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Creating a financial return-on-investment for constructed treatment wetlands
Published by the American Society of Agricultural and Biological Engineers, St. Joseph, Michigan www.asabe.orgCitation: 21st Century Watershed Technology: Improving Water Quality and Environment Conference Proceedings, 21-24 February 2010, Universidad EARTH, Costa Rica 701P0210cd.(doi:10.13031/2013.29480)
Authors: Dawn M Reinhold
Keywords: Treatment wetlands, duckweed, anaerobic digestion, bioenergy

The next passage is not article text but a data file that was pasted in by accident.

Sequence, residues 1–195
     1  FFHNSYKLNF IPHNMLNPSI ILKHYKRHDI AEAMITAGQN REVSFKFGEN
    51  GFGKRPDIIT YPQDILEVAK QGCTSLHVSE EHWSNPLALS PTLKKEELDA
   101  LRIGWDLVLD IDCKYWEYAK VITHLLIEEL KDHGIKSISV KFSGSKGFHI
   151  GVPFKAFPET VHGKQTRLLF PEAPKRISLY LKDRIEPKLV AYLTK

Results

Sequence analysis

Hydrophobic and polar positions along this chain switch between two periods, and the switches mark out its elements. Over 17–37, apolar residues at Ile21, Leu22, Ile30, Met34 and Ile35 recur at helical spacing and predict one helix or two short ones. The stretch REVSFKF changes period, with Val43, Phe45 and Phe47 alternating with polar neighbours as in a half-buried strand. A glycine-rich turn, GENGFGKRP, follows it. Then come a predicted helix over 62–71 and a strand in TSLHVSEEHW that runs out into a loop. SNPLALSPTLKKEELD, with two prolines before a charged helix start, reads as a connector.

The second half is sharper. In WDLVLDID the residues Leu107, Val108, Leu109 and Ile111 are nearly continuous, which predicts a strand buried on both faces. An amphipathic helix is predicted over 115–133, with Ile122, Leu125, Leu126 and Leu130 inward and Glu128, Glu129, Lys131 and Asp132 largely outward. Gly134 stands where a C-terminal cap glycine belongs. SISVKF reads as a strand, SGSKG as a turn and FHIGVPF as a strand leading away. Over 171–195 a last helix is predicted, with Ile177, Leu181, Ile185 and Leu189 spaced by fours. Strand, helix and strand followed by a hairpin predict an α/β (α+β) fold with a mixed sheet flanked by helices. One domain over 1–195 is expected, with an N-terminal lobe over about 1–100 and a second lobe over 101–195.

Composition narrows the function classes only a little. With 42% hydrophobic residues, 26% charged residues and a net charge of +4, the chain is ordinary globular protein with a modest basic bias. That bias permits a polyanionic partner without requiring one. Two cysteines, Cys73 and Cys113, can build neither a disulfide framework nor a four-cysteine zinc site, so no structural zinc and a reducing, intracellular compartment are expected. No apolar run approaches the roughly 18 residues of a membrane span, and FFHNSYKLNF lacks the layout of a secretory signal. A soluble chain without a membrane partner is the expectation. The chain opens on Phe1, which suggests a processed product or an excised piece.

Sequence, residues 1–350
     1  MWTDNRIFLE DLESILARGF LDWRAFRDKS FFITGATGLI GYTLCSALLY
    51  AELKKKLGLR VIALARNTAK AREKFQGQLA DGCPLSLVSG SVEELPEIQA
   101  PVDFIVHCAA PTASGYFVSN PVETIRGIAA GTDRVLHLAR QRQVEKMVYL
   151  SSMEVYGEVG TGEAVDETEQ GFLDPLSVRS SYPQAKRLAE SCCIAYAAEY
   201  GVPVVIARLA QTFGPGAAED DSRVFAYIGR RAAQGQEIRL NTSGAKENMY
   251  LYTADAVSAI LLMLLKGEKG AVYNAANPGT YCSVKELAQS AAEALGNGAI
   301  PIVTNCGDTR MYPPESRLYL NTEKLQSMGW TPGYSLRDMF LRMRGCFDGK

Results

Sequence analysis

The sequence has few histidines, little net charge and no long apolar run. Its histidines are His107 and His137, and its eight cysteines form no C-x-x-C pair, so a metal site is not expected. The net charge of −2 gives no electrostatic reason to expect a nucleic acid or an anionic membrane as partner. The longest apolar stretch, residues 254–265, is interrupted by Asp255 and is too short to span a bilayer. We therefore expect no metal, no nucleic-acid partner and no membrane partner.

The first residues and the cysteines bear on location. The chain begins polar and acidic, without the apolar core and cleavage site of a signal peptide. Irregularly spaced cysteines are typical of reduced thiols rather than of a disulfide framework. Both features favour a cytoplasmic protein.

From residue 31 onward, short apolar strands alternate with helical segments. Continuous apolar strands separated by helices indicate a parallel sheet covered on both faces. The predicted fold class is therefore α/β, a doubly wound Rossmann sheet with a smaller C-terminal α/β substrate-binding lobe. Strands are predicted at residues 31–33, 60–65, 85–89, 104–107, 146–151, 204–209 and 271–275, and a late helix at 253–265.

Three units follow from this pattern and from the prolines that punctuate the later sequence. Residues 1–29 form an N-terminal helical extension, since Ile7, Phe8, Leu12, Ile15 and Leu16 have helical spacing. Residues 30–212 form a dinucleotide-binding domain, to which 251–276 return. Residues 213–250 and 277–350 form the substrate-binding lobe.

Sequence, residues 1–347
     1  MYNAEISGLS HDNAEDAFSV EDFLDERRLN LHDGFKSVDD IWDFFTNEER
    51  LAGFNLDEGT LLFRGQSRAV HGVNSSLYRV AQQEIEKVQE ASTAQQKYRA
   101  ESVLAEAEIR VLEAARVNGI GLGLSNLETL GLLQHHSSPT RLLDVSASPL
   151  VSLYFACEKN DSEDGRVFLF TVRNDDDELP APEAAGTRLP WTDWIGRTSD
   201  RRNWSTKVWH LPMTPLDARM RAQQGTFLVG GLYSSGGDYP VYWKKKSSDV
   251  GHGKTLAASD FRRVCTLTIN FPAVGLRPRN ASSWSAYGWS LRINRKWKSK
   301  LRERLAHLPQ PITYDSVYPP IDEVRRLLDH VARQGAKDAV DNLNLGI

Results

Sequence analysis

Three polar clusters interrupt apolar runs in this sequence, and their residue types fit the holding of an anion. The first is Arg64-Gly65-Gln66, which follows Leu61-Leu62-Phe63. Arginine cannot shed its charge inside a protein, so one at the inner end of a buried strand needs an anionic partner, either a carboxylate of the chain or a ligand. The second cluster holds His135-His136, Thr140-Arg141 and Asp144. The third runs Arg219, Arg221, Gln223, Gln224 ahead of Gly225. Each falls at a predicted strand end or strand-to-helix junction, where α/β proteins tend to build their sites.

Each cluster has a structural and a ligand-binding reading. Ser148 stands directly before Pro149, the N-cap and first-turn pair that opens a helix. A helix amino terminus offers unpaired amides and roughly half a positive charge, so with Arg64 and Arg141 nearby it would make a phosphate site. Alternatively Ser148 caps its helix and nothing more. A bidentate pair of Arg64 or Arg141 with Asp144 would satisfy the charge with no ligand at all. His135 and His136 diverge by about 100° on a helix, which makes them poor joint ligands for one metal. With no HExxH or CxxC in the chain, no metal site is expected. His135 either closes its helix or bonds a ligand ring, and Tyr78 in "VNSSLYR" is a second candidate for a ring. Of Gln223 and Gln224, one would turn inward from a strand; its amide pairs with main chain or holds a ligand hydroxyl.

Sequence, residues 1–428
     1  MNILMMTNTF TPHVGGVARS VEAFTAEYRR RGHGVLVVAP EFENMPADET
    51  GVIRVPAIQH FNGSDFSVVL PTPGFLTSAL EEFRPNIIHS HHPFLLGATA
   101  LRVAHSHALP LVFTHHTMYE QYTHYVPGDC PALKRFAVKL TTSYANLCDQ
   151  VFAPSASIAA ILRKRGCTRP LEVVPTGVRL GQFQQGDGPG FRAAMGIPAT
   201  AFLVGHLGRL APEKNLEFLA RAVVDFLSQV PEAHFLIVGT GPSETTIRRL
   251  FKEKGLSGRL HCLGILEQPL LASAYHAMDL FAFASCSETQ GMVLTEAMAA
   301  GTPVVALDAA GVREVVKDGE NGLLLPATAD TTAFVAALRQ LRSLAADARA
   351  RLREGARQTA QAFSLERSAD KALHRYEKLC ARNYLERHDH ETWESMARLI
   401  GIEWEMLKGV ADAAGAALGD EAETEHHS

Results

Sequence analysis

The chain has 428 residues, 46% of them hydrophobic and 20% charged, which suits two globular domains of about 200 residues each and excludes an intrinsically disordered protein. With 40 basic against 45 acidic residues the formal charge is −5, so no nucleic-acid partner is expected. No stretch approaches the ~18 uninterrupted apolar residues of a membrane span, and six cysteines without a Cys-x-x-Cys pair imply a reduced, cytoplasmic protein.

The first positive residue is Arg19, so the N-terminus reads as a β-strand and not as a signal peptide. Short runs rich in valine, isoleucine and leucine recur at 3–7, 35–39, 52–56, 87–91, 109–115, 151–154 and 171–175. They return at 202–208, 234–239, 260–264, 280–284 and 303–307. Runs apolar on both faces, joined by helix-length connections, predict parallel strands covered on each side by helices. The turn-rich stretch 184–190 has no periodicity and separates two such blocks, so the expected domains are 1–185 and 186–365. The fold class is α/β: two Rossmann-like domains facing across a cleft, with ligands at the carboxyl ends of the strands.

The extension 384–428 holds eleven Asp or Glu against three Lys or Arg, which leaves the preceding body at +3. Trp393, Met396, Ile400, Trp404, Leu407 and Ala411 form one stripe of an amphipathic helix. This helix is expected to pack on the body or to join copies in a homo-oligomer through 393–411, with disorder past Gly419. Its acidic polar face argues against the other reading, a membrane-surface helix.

Constructed wetlands are cost-effective treatment alternatives for high-strength agricultural wastewaters. Even though constructed wetlands are relatively low-cost, their adoption is frequently cost-prohibitive to many agricultural operators. However, research has indicated that aquatic plant biomass grown on agricultural wastewaters can be used to help recover the costs associated with wetland construction. This proceeding paper provides a brief review of applications for duckweed biomass that could be developed within the next five years to provide a return-on-investment for duckweed-based treatment wetlands. Additionally, a model that combines equations for hydrologic flows, wetland treatment, and duckweed growth was developed and examined to evaluate the predicted relationships between wetland design, effluent concentrations, and biomass production. Model results indicated that addition of recycle to wetland design decreased the conflict between maximizing biomass production and minimizing effluent concentrations. Maximum biomass production was achieved at harvest frequencies of 3 5 week, with little effect of percentage of duckweed harvested on biomass production. Research to better characterize treatment rate constants, temperature dependency of wetlands on duckweed biomass growth, and wastewater inhibition of duckweed biomass growth is needed to improve the presented model. With addition of information on the economic value of produced biomass and treated effluents, the presented model will improve wetland design by assisting in optimization for water quality benefits and financial return-on-investments.(Download PDF) (Export to EndNotes)